logo

50 pages 1 hour read

Émile Zola, Transl. Gerhard Krüger

Nana

Fiction | Novel | Adult | Published in 1880

A modern alternative to SparkNotes and CliffsNotes, SuperSummary offers high-quality Study Guides with detailed chapter summaries and analysis of major themes, characters, and more.

Symbols & Motifs

The Fly

In Chapter 7, Fauchery writes an opinion piece for the Figaro that condemns Nana in the harshest possible terms, not as an actress but as a person who is infecting Parisian society with her loose morals. The article is titled “La Mouche d’Or,” meaning The Golden Fly. Like a fly, Fauchery writes, Nana enjoys wallowing in filth and then spreading it around to anyone with whom she comes in contact, infecting the upper classes without a second thought.

The fly is an apt symbol for Nana in the sense that insects do not spread disease out of malice; they simply follow their instincts, unconscious of their actions’ effects. Similarly, Zola’s naturalist ideology leads him to portray Nana as a woman merely following the instincts she has collected through heredity and environment. Yes, she sometimes develops and acts on personal resentments; at times she even justifies her ruination of men as a form of revenge for her lower-class background and previous ill treatment. However, she wreaks much of her ruin without premeditation. Steiner, for instance, is a lover she mostly considers a boring annoyance. She has no simmering resentment against him. She makes demands for money, and he obliges until he has nothing left.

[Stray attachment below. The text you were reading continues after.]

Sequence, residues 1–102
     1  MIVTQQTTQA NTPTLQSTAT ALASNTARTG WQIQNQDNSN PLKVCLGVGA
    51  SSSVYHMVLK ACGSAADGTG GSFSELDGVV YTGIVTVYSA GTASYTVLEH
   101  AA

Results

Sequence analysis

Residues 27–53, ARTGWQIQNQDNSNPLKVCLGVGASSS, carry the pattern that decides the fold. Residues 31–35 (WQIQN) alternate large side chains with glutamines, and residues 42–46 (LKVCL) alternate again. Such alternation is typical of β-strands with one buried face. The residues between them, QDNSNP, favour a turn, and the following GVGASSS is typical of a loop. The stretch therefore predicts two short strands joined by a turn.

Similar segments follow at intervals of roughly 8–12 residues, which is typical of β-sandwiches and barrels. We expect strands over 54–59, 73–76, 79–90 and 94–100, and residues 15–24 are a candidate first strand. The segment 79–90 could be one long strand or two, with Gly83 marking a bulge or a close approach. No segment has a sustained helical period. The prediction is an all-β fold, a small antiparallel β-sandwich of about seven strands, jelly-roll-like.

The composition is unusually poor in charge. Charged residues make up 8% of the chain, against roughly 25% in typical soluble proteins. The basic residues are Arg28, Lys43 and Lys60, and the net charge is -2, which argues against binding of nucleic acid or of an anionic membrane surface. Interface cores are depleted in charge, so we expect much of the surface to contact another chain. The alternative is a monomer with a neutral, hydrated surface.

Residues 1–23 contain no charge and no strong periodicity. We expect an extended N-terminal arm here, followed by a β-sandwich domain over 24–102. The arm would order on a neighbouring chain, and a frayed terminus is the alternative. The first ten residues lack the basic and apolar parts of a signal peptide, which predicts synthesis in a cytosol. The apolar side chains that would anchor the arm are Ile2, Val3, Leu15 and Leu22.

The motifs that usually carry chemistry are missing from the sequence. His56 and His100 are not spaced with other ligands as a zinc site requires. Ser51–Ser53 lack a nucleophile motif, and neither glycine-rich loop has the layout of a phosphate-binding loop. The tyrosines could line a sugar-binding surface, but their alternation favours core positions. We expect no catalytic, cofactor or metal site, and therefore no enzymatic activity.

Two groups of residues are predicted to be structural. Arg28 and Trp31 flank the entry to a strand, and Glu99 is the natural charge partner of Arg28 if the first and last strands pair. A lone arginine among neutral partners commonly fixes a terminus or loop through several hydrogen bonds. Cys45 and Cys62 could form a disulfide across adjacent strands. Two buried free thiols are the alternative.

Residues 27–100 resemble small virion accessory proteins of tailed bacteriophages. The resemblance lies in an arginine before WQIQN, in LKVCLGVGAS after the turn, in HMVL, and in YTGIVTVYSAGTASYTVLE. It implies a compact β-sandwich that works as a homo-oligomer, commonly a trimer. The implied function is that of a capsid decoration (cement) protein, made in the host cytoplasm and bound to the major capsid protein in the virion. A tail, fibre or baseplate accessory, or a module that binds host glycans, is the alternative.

blurred text
blurred text
blurred text
blurred text
blurred text
blurred text
blurred text
blurred text
Unlock IconUnlock all 50 pages of this Study Guide
Plus, gain access to 8,000+ more expert-written Study Guides.
Including features:
+ Mobile App
+ Printable PDF
+ Literary AI Tools